John Glen, UK financial services minister, advocates that Britain will initially concentrate on regulating stablecoins instead of the comprehensive crypto market. Talking at a City and Financial Conference, John Glen elucidates that authorities will regulate stablecoins due to its threat if a significant firm dominates the sector. For Glen, the U.K.’s decision to prioritize stablecoins over regulating the more comprehensive financial market is due to concerns of monopolies rising in the market based on the limited number of participants contributing fiat-pegged cryptocurrency payment services.
Notwithstanding calls from financial experts to develop a legal framework for a broader global crypto market, Glen stated that regulating a wider crypto market is not as urging as stablecoins. According to him, it is important to do so as they have, across the years, become the most comprehensive cryptocurrency by trading volume with Tether USD (USDT) leading the way.
The U.K. Finance Minister cautioned in the conference that while no dominating player has been permitted to capture the market, things could transform overnight when a famous firm receives the required regulatory approval to launch one. Facebook’s decision to launch its coin Diem, recognized in 2019 as Libra, has introduced concerns to governments and central banks regarding the opportunity of a significant competitor “developing overnight.” Certainly, the minister’s reasoning reiterates sentiments advocated by various financial regulators upon the Diem stablecoin project.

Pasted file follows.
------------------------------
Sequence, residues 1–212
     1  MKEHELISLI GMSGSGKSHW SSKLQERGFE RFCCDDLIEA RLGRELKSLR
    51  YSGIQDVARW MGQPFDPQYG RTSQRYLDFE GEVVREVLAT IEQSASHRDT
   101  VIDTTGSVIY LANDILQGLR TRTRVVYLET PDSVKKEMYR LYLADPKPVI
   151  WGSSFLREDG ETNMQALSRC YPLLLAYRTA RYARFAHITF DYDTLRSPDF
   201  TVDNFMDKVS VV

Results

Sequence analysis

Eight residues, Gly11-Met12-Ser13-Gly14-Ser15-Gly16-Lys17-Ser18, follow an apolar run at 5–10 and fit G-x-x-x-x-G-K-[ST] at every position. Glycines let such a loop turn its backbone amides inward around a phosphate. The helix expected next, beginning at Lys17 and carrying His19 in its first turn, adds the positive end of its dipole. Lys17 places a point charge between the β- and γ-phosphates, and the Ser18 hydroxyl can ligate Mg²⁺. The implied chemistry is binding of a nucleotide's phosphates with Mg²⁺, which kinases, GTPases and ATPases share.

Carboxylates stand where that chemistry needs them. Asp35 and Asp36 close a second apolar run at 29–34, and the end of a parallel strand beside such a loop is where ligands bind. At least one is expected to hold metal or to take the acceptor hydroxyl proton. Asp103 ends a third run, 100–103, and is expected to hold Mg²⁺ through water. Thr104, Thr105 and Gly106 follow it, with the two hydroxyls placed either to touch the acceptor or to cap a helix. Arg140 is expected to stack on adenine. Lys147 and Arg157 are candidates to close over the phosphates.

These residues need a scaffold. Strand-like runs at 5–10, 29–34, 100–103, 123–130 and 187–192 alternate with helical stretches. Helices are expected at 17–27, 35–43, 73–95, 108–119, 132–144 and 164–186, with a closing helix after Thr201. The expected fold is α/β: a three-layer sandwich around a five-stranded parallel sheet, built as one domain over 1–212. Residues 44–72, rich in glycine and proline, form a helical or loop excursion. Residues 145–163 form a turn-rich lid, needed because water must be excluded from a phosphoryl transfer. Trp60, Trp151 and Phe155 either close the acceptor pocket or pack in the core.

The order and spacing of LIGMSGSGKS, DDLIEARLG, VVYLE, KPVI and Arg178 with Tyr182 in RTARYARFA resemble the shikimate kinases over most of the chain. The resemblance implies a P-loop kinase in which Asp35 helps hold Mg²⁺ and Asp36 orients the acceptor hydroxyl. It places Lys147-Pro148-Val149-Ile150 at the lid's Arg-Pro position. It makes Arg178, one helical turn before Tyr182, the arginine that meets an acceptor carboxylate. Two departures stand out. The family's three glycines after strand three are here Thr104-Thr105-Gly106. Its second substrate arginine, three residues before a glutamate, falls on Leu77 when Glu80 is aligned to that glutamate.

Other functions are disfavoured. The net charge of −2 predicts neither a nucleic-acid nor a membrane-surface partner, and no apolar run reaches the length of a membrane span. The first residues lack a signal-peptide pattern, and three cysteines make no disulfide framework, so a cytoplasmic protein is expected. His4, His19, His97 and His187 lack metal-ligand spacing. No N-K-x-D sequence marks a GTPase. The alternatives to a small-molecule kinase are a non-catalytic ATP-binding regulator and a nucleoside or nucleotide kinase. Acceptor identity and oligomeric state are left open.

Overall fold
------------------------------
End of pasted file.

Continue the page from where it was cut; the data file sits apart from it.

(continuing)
John Glen Says Britain Wouldn’t Hold Back on Innovative Technologies.
Primarily named Libra, regulatory authorities pointed to Facebook’s global presence as a notable risk factor to sovereign monetary policies associated with the planned digital currency project. Diem, for its part, has endeavored to smoothen these regulatory creases by tendering complete changes to the project. Nevertheless, Diem is yet to obtain the required regulatory approval to start launching its stablecoin.
Glen’s remarks are the most advanced evidence of the U.K. government’s focus on stablecoins as a component of attempts to promote novel fintech changes among the country’s departure from the European Union.
Glen contends that Britain would not hold back innovative technologies and will be protectionist when using distributed ledger technology, which underpins cryptocurrencies like bitcoin. While Britain has earlier acknowledged regulating stablecoins, its financial watchdog refused to publish its e-money rules for the cryptocurrency as they do not possess the same characteristics. The head of consumer distribution policy at the FCA (Financial Conduct Authority), Alex Roy, asserted that stablecoins and e-money couldn’t have the same set of rules because a fiat currency or asset backs the former.